- Claire’s got Books, books, books, books — and universal ID and books about universal ID. If you’re looking to do some offline reading to get up to speed on the issue, here’s your pointers. [claire]
- I keep meaning to read through the Fifty Writing Tools from Poynter, but I never seem to get to it. Maybe mentioning it here will be the nudge I need.
- If you’re looking to get published Lulu.com might offer a solution. I keep thinking that I should finish off the second edition of Mead Made Easy one of these years, but it hasn’t bubbled to the top of the pile yet. Once again, maybe talking about it here will give me a nudge.
- A reader pointed out: Moof! There’s Dave! Moof! In some pretty good company, too.
First the weekend roundup. Spent Friday night at the Saints game. It was chilly, and thankfully the game went quickly. On the way home, I dropped a friend at the Amtrak depot so he could catch his train to Fargo where he was going to run a half-marathon. Then a stop at the Sporty. When I finally got home, I capped the night with a shot of Nyquil, and slept soundly. Until six AM. Feeling as though I hadn’t had enough sleep, I took some more Nyquil and went back to bed. This time it worked, and I slept until noon.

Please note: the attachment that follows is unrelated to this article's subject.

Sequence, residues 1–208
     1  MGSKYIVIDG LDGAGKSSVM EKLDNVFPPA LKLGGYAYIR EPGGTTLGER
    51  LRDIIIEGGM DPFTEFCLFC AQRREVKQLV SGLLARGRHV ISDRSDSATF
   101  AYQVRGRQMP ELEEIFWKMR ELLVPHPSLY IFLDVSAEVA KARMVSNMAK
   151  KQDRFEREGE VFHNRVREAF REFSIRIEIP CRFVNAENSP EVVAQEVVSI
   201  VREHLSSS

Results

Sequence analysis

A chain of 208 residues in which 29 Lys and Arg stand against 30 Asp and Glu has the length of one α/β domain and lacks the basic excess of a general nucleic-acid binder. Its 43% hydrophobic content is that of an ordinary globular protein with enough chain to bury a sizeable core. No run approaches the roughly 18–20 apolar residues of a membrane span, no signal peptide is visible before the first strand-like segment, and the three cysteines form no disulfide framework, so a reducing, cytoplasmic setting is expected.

I spent Saturday with a hangover from the cough-medicine (and possibly from the beer). Nothing horrible, just a fuzzy-brained-feeling that persisted most of the day. But Mark was having a barbecue, so I headed out to Cabbage Patch and enjoyed the day as best I could. I got pressed into tending the grill, and managed to time things so I didn’t have to spend too much time outside in the scattered showers. That was fine by me, since I’ve got a lot of practice at tending meat over flames. I managed to get almost all the meat done at the same time, but we hadn’t planned ahead enough to have the corn with the rest of the food. When I got home, I spent an hour or so watching TV and then called it a day.
Sunday was the weekly trip up to see mom. Got home and took a nap, since while I’m mostly over my cold, I was still tired. When the sunlight coming through the west-windows of my house woke me up, I headed outside to mow the lawn. The noise from the lawnmower brought a few neighbors out to work in their yards as well, and we ended up chatting for an hour or so. I’ve got an offer for a couple wild roses I can have for the effort of transplanting them, plus one neighbor who’s going to help thin my lilies a bit. And I got a slice of rhubarb cake out of the deal!
That brings us to today. It looks like a busy day. There’s the normal mid-month work to be done, plus some work I had thought about doing yesterday afternoon before the weather turned decent. Plus I want to get the garden planted. Oh, and I need to move my webserver this evening. You may notice an outage.